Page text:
Hoping to prod an estimated 5 million uninsured Americans into buying health insurance, the American Medical Association backed yesterday a tax penalty for individuals and families who make enough to buy medical coverage but choose not to.
The AMA's policymaking House of Delegates vote in favor of what it called "individual responsibility" comes as state and federal lawmakers are weighing similar ideas in the form of legislation in Congress and statehouses across the country.
In the past, the Republican-leaning AMA has shied from government mandates as a way to provide health insurance coverage for more Americans. In this instance, the group acknowledged at a press briefing yesterday that its support of tax penalties to motivate people to buy coverage would be a "significant shift" in the organization's thinking on matters of covering the uninsured.
The vote, at the group's meeting this week in Chicago, means that the AMA will put its lobbying influence behind state and federal initiatives that advocate a tax penalty for uninsured individuals making $49,000 or more a year, or for families of four who make $100,000 or more if they do not buy medical coverage.
Under the AMA plan, individuals and families earning greater than 500 percent of the federal poverty level "would be required to obtain a minimum of catastrophic health care" coverage. The AMA would not specify the amount or specific kind of plan people should buy.
It's the latest of a growing number of legislative and political proposals that would require people to have coverage.
In Massachusetts, Gov. Mitt Romney signed legislation two months ago that made his state the first to require residents to have health insurance, just as drivers must have auto insurance.
Although Romney's proposal is financed via hundreds of millions of dollars in assessments on insurers, by penalties paid by employers and by state Medicaid funds, the AMA's proposal is devoid of details. AMA officials did not offer a specific amount of tax penalties that would be levied against the uninsured.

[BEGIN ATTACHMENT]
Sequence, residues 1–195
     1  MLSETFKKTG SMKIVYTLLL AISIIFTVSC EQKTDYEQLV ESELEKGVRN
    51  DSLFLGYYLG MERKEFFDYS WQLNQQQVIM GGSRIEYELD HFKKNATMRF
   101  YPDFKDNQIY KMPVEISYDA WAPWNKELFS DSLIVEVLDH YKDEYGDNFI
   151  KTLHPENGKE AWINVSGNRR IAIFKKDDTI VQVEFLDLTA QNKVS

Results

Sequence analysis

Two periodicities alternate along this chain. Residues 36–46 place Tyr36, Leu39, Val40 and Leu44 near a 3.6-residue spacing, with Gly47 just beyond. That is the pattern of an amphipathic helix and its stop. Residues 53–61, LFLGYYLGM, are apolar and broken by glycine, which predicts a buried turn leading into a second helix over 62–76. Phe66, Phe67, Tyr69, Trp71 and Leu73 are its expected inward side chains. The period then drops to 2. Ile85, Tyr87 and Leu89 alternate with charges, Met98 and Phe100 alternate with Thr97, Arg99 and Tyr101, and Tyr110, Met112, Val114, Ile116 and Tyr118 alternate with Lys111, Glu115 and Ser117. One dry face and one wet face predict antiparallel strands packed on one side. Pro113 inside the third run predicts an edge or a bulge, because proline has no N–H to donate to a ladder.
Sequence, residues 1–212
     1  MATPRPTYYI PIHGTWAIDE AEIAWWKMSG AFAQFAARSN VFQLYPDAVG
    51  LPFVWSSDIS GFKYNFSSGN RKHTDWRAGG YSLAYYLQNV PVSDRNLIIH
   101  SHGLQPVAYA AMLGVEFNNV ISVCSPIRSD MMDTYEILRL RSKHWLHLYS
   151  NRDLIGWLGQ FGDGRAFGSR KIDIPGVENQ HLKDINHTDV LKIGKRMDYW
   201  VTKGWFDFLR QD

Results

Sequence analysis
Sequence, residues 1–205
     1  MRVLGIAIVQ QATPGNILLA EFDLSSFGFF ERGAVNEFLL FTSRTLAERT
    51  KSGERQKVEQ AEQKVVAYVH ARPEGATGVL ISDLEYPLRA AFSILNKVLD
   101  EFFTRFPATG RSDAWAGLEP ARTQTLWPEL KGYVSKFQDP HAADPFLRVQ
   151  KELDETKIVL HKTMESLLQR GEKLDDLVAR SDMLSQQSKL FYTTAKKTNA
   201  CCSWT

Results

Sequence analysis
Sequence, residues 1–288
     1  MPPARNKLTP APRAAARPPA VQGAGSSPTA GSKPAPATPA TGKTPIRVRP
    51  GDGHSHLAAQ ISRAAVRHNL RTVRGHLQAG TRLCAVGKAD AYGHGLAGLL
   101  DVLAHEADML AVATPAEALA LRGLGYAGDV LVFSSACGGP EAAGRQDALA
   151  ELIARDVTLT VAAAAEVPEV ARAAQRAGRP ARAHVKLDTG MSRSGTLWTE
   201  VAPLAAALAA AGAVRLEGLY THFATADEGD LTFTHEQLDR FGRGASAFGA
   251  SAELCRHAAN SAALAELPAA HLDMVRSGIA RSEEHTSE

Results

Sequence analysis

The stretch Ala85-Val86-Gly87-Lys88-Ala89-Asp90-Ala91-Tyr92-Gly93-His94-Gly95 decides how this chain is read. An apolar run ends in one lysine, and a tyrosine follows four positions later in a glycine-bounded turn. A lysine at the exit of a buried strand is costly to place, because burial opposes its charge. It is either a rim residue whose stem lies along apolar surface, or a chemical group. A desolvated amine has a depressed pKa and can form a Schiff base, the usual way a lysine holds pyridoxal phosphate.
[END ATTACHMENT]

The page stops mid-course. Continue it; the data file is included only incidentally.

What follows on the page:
"This is our policy that would be used at the federal level to get uninsured people covered," said Dr. Ardis Hoven, a member of the AMA's board of trustees and a infectious disease specialist from Lexington, Ky. "I'd like to think of this as the carrot."
But the stick of the plan would most likely be smacked over those making a living wage - many of them younger people and families. Hoven and AMA officials said "young, relatively healthy individuals" account for 11 percent, or about 5 million, of the nation's more than 45 million uninsured Americans.
Passage of the measure was not without opposition from doctors at the meeting and from critics of such proposals in Washington. On a voice vote, AMA officials said it passed by a "large majority" of its 544-member House of Delegates. A specific vote count was not taken.
Critics of the AMA's move say the doctors are merely worried about their own bottom lines.
"The AMA has a long history of sacrificing consumer freedom when physician incomes are threatened and they are doing that with this tax increase," said Michael Cannon, director of health policy studies for the libertarian Cato Institute in Washington.
"They are trying to crack down on nurse practitioners because they don't like competition, and I have not heard of any resolutions they have offered to make the health care system more competitive, like opening your office longer or lowering your prices. These would be consumer-friendly responses to competition."
Bruce Japsen writes for the Chicago Tribune.